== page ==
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8 Practical Tips to Make a Melody

     There are lots of ways to approach this process, probably as many as there are musicians. It is up to you to find out what suits better to you, considering your working process, the way you think and how you hear music in your head. That said, I will be making some suggestions that you can consider in case you feel stuck in the process of making a melody. Here is my suggestion list:

1. Probably, one of the most immediate ways of getting your feet wet, and actually compose a melody, is through improvisation. Simply hum, whistle or sing it, even if your words or sounds don’t make sense. Once recorded you can use that as reference and start polishing it.

2. If you already have lyrics, you can use the implied rhythm of the words to establish the melodic rhythm

3. Considering the above, if you pay attention to the way we actually talk in different emotional contexts – i.e. higher pitch when agitated and lower when more calm; you can let this define the melodic arch and register of the pitches. In other words, when you want the pitches in the melody to go up or down, and in what register you should be working your melody – also see motherese.

     As a side note; in a previous post, I wrote about a vocal style in practice during the 18th and 19th century – Bel Canto; and one of its characteristics was the matching of the vocal register and tonal quality of the voice to the emotional content of the words.

4. In case you have a chord progression, use the chord tones as guides, or even non-chord tones – specially on strong beats; to choose the notes from the melody.

5. Use contrasts in your melodic writing and go from using predominantly leaps or steps in different sections of the melodic phrase.

6. This is a continuation of the previous suggestion but on a different scale. Try to consider the big picture and figure out what kind of contrast there will be between the melody you have in the verses (i.e.), and the melody from the chorus (see macroform). For instance, low VS mid or high register; more VS less rhythmic movement; steps VS leaps; low VS high intensity; chord tones VS non-chord tones; etc. The keyword here is contrasts.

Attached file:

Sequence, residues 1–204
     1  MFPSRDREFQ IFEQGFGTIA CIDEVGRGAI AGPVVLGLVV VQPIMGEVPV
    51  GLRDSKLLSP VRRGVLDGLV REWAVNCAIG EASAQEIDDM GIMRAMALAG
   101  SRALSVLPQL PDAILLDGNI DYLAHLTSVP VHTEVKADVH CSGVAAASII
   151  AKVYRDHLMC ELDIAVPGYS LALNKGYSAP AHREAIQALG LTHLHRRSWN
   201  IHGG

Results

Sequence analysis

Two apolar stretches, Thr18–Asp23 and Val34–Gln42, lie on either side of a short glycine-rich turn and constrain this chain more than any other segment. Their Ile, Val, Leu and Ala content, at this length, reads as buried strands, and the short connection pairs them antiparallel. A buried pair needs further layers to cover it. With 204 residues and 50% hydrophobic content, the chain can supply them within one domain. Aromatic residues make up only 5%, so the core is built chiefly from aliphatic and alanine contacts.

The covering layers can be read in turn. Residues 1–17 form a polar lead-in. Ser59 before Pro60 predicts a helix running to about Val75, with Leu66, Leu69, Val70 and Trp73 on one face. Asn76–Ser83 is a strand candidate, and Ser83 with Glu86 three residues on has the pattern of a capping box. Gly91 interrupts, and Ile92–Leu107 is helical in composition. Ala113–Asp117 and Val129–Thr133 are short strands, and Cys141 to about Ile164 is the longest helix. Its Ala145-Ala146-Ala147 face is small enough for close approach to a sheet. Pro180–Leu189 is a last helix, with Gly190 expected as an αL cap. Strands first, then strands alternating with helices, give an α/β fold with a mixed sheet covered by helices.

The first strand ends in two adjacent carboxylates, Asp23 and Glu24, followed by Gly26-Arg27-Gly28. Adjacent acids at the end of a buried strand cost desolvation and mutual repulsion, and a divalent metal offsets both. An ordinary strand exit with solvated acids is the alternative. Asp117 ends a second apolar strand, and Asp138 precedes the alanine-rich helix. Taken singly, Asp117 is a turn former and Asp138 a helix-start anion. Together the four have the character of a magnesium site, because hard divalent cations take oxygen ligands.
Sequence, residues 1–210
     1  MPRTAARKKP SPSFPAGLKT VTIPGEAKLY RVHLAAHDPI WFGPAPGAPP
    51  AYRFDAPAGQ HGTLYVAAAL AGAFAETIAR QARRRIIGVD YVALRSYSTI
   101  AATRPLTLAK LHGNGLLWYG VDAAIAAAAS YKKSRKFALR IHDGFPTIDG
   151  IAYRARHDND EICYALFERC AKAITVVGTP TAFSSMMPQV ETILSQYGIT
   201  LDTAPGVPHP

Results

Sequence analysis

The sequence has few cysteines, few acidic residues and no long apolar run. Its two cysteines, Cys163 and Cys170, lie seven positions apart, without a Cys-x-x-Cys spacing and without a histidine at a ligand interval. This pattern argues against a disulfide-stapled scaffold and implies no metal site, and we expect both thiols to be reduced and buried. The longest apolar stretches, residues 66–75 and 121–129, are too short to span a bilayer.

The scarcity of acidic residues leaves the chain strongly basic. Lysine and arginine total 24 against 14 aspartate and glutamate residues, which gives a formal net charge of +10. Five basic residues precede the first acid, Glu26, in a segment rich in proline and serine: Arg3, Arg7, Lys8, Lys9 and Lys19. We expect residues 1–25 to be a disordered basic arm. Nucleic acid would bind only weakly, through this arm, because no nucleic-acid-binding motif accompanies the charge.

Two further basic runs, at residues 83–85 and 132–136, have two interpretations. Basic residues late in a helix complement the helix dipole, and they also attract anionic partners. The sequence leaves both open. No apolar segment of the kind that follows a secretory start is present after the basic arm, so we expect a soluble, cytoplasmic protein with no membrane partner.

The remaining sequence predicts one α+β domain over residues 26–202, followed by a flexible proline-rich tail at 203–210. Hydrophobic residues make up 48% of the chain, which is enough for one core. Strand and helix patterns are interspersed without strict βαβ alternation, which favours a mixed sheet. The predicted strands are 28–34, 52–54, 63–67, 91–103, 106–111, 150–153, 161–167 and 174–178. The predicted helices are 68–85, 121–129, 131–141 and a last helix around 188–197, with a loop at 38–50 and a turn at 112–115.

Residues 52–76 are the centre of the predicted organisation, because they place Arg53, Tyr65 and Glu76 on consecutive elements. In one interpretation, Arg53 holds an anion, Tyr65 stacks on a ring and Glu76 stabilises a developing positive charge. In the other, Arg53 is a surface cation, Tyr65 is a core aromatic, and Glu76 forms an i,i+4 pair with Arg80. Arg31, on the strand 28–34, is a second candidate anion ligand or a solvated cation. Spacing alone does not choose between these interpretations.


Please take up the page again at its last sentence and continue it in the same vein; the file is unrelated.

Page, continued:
7. Once you establish a melodic idea or even a small fragment, find ways to develop this motif by repeating small sections with variations – see microform. The development of a melodic fragment should be a mix of the original fragment and its variations. You can transpose, invert, retrograde, permutate the rhythm and/or pitches, etc. You can do all kinds of transformations to your melodic idea and eventually these will suggest other ideas that you can make use of.

8. If all else fails, use an existing melody as reference and pay attention to its main elements; the melodic arch or how it rises and falls, the rhythmic motif; the type of movement (steps or leaps); repeating elements, etc. After this brief analysis, start making your own variations to this melody while using these elements, or start a new one based on the reference.

     As I said in the beginning, these are only suggestions that you can keep in mind when composing melodies. However, I strongly encourage you to experiment with these as a way of finding a good workflow or process for the way that you come up with your melodies.

Happy composing!

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